An exceptional acquisition made by the War Heritage Institute

Shortly after its creation the War Heritage Institute acquired an exceptional ensemble during an auction at the Dorotheum, the famous Viennese auction house and the oldest one in the world (founded in 1707), for the sum of 10,000 €. A bargain, considering the objects’ inestimable value. The acquisition comprises a complete infantry outfit of the Austrian line regiments (ca. 1780-1794). It matches the outfit worn by the Belgians in the so-called national regiments serving in Joseph II, Leopold II or Franz II’s “K. Und K. Armee”.

The unique outfit is made up of: a headdress (Kaskett), a flask and a flask carrier, a cane, a sabre and bayonet strap, a sabre-briquet and bayoneta cartridge pouch and carrier and a haversack.

This acquisition testifies to the importance of collection accrual for the War Heritage Institute. Collection enlargement indeed is one of the Institute’s key tasks, as you will be able to read in its mission statement.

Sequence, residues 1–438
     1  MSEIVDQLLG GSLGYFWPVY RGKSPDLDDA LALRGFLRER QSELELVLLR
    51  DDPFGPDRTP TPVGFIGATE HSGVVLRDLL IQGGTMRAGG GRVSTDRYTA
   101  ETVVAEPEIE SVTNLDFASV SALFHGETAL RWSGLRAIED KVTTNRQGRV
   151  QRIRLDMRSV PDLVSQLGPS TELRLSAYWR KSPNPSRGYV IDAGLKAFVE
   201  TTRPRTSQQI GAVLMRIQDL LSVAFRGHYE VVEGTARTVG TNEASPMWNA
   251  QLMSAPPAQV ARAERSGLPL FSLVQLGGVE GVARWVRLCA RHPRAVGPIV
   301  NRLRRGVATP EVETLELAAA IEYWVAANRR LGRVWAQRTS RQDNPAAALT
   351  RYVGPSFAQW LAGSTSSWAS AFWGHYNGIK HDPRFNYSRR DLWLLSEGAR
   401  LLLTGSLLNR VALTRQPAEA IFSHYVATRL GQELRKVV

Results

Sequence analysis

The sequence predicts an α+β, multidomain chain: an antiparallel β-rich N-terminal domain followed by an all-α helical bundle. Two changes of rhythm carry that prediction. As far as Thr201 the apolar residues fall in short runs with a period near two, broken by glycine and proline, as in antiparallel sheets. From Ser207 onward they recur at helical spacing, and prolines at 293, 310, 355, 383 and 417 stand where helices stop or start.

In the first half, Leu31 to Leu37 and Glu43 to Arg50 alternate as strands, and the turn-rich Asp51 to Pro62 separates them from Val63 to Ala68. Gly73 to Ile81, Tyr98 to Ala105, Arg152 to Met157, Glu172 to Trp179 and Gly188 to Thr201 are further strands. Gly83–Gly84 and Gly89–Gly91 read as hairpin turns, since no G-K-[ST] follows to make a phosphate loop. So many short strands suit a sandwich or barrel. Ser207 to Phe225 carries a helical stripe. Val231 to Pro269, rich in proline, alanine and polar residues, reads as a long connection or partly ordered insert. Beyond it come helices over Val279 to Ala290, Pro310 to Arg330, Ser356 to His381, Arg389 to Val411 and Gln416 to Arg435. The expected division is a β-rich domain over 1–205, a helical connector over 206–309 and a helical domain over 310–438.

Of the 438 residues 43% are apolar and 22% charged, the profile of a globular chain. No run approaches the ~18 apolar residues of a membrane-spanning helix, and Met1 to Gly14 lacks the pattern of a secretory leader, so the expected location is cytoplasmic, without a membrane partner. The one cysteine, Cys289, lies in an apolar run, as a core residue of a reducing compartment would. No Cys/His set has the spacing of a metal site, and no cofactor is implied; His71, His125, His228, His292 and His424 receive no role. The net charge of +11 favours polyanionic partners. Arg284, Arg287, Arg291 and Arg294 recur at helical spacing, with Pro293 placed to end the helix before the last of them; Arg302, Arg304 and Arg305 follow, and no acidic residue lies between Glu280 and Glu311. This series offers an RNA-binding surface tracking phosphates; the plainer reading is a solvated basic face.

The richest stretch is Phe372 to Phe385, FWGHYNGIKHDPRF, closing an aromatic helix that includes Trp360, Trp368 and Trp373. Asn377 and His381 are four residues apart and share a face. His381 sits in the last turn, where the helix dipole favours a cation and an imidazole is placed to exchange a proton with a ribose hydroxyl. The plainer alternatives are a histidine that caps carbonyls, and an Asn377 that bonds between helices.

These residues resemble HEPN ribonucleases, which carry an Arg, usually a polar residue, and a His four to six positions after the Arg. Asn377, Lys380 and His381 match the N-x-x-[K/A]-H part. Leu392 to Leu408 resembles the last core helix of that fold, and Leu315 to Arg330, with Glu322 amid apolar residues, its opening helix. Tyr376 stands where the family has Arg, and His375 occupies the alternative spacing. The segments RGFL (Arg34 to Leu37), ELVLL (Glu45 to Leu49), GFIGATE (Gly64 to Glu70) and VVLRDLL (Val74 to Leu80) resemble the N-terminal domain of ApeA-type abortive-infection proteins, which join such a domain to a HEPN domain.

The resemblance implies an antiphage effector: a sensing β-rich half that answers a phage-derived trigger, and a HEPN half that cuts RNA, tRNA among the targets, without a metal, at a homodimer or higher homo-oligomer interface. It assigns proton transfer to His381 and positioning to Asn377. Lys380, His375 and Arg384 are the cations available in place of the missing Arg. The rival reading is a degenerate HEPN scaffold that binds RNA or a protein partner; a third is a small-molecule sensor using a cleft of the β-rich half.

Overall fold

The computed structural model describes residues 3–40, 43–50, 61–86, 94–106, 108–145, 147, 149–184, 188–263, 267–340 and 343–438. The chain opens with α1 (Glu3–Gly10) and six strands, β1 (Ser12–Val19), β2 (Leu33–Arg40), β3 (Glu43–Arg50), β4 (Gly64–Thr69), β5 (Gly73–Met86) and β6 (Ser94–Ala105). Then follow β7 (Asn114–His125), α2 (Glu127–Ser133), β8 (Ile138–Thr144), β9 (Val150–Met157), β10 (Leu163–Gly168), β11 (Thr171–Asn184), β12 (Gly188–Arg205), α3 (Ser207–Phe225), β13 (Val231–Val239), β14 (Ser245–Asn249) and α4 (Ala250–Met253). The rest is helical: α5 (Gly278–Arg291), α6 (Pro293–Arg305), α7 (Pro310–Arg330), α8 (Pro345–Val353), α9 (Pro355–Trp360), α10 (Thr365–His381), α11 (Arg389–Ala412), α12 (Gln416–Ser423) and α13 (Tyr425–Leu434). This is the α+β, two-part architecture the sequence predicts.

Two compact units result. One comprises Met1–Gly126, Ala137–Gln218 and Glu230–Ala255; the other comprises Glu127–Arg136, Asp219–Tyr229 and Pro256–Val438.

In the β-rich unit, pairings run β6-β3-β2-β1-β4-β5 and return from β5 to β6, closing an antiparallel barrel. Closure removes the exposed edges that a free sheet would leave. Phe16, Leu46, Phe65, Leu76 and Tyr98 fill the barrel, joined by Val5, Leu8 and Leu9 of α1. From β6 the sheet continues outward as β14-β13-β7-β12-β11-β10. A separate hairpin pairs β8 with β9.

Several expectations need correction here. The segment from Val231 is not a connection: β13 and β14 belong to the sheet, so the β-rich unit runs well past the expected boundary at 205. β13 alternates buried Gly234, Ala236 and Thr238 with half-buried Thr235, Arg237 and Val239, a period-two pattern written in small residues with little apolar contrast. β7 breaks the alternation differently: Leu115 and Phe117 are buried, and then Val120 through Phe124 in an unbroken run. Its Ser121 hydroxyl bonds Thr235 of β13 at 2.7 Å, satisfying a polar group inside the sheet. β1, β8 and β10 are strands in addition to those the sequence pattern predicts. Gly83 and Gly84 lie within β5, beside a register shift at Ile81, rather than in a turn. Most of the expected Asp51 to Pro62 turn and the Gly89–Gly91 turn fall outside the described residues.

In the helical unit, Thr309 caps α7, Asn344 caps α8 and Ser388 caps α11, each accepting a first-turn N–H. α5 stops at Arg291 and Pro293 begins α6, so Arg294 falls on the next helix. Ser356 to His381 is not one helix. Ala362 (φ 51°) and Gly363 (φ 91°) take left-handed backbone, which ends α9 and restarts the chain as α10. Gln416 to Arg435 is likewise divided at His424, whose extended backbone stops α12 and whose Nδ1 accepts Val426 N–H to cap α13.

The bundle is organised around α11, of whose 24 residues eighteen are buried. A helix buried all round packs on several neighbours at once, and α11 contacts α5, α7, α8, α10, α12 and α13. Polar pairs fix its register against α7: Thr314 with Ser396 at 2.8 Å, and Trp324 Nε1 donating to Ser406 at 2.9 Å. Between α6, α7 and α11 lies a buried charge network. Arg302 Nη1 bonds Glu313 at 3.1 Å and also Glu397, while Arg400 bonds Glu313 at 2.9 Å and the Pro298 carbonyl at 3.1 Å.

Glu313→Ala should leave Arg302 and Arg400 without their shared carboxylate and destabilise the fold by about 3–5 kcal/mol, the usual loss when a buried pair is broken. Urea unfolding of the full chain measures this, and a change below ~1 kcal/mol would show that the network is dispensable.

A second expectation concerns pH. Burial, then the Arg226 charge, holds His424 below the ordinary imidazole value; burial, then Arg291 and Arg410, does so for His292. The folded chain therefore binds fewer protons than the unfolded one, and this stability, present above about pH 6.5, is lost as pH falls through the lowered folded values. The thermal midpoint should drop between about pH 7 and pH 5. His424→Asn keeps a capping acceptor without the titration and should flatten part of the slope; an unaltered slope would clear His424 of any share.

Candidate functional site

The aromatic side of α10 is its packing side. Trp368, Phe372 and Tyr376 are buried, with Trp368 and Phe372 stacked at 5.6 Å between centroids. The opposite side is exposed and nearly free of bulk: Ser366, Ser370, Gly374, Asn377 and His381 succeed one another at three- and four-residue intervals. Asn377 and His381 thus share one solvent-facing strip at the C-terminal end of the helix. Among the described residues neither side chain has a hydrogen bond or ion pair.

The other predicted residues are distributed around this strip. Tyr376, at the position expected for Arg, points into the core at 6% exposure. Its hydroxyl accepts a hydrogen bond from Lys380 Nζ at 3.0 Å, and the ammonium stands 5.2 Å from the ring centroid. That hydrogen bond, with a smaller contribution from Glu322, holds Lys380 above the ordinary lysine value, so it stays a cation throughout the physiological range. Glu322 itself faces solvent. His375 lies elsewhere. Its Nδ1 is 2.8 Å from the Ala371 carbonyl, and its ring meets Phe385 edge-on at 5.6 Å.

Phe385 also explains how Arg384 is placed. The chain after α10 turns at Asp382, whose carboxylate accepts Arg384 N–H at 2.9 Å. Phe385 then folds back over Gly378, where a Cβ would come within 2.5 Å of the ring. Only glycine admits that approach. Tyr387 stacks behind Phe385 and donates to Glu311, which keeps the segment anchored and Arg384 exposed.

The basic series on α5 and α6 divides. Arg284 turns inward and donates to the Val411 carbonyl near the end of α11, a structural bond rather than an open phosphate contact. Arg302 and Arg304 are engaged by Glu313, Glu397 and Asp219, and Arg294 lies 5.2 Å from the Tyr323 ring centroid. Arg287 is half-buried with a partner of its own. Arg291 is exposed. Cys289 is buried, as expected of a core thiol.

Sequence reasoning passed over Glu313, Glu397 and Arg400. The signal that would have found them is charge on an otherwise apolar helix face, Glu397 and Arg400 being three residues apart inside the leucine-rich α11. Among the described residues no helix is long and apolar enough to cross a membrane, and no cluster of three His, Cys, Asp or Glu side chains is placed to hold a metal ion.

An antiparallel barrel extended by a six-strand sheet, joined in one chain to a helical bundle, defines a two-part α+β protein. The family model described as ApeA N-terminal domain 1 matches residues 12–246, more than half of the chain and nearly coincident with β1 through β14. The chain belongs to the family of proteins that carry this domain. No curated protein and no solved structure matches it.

This beautiful etching by R. Von Ottenfeld shows the equipment concerned, as worn by a soldier of the “national” regiments. In this case, we are dealing with a soldier belonging to the Prince de Ligne’s regiment, the imperial army under Joseph II (1780-1790) or one of his brothers Leopold II or Franz II, up till 1798.

In the 18th century the Southern Netherlands passed from Spanish Bourbon rule to Austrian Habsburg control. With the Barrier Treaty of 1715 some 12,000 British-Dutch soldiers were allowed to man several fortresses along the French border, in order to keep an eye on that country. It also forced the Germanic emperor Charles VI to maintain an 18,000-strong army in the Netherlands, with infantry as its major constituent. It counted six German regiments and two “national regiments”, i.e. recruited locally and bearing the name of their colonel-proprietor. Their number was increased first to four and later to five regiments and the latter were garrisoned in our regions. Their battalions served their emperor all over Europe, against the Prussians, the Russians and the Ottomans. They also defended the country’s borders against the French revolutionary armies, but recruitment was progressively suspended after annexation by France.    

The soldier’s silhouette was sober and uniform: since the end of the Seven-Year War he sported quite a modern look with his short dress and leather headgear, the “Kaskett”. The sixty cartridges in his pouch ensured a good firing autonomy.

The extremely rare acquisition will enable the Institute to spectacularly illustrate 18th century military history.